DIY Usability

Incorporating usability into DIY projects

I recently made the framework for a flower wall that Snapdragon Studio will use for weddings. Making it was fairly simple; basically I used two pieces of peg board bolted to a couple 1″×4″s (check out the bottom of the post for more details). The fun part was making sure that it was quick, easy, and obvious to put together and take apart.


Silvia attaches greenery to the front of the pegboards.
Back view

No tools

There are a lot of moving parts when setting up flowers for a wedding, and I didn’t want the Snapdragon folks worrying about “Crap, we forgot the socket wrench for the flower wall!” I used wingnuts to fasten the bolts, so the whole thing can easily be put together by hand.

Wingin’ it.


Ideally, the orientation of the boards wouldn’t matter—you could put either board on either side in any orientation and it would still work. Unfortunately, that wasn’t possible because boards I was working with weren’t straight. :/ So I had to ensure that the boards would be put together the right way with … LABELS!

Bottom’s up. Wait … no!

The key thing to keep in mind here was to not make all the labels too overwhelming. I started by labeling the top and bottom of the boards with text labels and arrows. Easy enough.

I marked the middle where the two pegboards meet with text and arrows. I also marked the two pieces with diagonal lines that align when the pieces are matched correctly. (I learned that trick from my dad when he helped me put in some laminate flooring.)

Thanks, Dad.
I think you can tell where this is going.

For the placement of the two boards, I didn’t use “left” and “right” because 1) that’s too much text, and 2) left and right are confusing when you can look at something from the front or the back. So, I opted to mark the two boards with two different shapes. The same symbols on the pegboard indicate the correct placement. This works great because it’s less of a cognitive load to match shapes than to read and interpret text. You can do it without thinking about it.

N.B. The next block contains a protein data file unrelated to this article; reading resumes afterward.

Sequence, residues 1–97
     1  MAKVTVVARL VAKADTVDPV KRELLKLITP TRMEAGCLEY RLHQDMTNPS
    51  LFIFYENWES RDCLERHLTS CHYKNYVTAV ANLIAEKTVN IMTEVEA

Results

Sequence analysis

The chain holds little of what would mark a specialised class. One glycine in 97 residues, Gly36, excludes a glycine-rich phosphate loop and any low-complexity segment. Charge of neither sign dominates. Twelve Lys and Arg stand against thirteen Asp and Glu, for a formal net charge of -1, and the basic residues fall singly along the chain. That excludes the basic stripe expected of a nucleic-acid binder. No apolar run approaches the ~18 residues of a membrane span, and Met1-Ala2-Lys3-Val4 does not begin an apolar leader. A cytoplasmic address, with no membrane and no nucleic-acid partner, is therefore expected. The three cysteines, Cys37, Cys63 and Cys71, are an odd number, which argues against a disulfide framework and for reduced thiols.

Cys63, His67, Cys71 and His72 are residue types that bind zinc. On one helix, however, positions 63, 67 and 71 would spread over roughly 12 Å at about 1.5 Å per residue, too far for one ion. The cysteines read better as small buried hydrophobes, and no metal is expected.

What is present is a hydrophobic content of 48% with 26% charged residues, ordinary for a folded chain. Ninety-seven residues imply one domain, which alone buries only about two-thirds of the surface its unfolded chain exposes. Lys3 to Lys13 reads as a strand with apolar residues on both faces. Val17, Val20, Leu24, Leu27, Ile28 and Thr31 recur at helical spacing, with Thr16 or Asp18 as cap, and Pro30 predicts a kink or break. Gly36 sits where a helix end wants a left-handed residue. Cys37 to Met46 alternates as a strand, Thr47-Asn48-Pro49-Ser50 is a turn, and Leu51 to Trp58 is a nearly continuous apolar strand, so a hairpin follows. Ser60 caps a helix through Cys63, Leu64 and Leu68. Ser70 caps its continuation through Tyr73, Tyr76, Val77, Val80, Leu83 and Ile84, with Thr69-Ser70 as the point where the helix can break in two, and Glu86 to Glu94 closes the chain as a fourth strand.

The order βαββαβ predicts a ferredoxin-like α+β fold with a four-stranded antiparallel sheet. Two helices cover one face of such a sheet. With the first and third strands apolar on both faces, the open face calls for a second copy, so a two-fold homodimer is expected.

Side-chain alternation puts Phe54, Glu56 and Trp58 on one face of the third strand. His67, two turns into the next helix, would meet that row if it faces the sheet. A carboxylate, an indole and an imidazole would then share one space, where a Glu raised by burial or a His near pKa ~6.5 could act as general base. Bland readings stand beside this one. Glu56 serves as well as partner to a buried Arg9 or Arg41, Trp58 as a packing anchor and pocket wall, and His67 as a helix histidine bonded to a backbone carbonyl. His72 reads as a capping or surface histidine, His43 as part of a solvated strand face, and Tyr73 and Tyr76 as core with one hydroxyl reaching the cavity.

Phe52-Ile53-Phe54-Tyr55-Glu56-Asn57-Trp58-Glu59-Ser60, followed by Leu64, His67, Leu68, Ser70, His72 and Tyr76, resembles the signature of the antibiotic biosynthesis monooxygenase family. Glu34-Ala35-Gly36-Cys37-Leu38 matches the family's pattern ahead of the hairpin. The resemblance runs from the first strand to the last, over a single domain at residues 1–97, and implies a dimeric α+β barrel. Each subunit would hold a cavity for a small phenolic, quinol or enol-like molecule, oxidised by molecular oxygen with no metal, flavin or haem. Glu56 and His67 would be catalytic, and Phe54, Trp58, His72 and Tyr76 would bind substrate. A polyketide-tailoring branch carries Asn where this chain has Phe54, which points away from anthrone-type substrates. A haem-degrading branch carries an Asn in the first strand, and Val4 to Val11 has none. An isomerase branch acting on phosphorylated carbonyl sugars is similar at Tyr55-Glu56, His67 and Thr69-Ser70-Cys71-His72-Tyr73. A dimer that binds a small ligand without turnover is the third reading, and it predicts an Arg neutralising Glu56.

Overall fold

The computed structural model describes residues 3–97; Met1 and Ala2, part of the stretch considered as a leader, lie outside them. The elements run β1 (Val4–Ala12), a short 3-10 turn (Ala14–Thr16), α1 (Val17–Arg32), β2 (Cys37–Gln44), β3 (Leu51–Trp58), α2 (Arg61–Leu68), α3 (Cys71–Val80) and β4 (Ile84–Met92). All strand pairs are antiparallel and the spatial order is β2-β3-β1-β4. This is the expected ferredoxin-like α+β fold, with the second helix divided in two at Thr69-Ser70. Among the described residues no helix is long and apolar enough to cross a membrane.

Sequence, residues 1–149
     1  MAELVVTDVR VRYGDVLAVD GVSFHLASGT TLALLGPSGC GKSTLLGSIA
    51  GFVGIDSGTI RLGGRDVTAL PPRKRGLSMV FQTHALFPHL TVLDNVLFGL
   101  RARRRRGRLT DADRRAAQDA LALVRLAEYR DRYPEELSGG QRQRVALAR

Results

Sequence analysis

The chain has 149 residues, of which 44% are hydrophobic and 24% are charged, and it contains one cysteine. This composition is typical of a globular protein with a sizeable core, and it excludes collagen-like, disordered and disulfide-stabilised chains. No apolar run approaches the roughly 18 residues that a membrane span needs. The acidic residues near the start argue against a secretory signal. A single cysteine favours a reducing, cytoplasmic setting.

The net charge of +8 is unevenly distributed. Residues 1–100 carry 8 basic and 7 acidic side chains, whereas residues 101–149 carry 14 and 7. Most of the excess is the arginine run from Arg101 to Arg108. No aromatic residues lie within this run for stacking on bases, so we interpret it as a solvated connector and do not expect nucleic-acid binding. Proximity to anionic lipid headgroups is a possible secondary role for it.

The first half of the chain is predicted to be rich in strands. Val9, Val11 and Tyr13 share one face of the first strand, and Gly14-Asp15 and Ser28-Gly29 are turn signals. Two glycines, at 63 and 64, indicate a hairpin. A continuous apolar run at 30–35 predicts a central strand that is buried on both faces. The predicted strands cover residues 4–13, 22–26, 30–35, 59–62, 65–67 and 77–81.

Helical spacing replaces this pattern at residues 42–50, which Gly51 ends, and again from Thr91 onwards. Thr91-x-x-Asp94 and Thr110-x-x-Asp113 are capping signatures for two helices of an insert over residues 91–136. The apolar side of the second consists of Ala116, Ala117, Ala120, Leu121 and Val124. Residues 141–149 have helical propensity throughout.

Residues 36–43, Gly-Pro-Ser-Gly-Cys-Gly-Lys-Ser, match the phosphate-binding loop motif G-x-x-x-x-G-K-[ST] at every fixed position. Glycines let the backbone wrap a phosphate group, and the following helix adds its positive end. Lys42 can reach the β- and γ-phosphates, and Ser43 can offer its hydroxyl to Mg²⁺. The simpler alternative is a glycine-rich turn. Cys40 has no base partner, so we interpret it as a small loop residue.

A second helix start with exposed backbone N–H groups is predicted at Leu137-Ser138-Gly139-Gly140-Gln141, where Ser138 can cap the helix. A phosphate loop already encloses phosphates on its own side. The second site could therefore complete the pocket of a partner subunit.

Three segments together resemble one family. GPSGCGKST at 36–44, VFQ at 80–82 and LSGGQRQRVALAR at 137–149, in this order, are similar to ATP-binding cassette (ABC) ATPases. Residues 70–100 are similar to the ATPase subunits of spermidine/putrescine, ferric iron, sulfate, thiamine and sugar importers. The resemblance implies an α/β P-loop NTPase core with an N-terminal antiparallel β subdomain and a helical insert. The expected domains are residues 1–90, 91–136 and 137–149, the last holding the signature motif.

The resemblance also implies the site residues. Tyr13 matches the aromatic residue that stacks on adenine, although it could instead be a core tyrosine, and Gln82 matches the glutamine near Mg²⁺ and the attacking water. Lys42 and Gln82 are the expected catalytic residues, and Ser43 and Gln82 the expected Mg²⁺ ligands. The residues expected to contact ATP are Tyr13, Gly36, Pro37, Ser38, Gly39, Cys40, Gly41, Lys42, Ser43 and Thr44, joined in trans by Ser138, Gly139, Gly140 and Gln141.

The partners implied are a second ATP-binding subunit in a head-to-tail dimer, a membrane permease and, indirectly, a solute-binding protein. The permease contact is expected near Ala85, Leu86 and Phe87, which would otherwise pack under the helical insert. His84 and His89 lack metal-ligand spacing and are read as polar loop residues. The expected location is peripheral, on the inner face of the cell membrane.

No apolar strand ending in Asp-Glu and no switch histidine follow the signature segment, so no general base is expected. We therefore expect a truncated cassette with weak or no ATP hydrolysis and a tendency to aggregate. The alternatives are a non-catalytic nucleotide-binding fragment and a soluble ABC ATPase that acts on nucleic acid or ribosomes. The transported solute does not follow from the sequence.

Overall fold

Yes, I accidentally put a circle on the top right instead of a triangle. :O I fixed it later.
And just in case there’s any confusion …

Requirements & Solution

Finally, if you’re interested here are all the requirements I had to meet and the solution I came up with.


  • large enough to cover a doorway and serve as a photo backdrop for people standing in front of it.
  • small enough to fit inside an SUV.
  • easy to store when not in use.
  • made of material that allows flowers and greenery to be wired to it.
  • sturdy enough to hold up to the weight of all those flowers (which can actually get quite heavy).
  • secure enough that it won’t slide or tip over.
  • leans almost upright against a door or wall.
  • does not have ugly hardware visible from the side, such as an A-frame or a base coming out the back.


Additionally, I put on my UX designer hat and added some more considerations:

  • People can get pretty smashed at weddings. Taking a selfie in front of a flower wall only adds to the rambunctiousness. The wall needs to survive drunk people falling into it, hanging off of it, etc.
  • As outlined above, it should be easy, quick, and obvious to put together without tools.

    Initial sketch.


  • Size 4′×7′, cut into two 4’×3.5′ pieces. The 4’×7′ would have fit in the the SUV, but cutting it into two pieces makes it easier to store and maneuver.
  • Material Peg board allowed flowers to be easily wired through the holes.
  • Sturdiness — The peg board needed something to keep it from sagging when leaned against the wall. Plus, since we decided to cut it into two pieces, it needed something to join the two pieces together. Two cheap 1″×4″s on the back of the peg board did the trick.
  • Security — Since I couldn’t build any structure coming off the back for aesthetic reasons, I had to get creative. Two eyehooks attached to the top of the 1″×4″s allow a cord to be tied from each hook to the door—this prevents any chance of it tipping over. Rubber pads on the bottom of the 1″×4″s keep them from sliding. I had a couple other ideas to keep it from moving, which you can see in the sketch above. But the rubber pads were actually enough to hold it in place.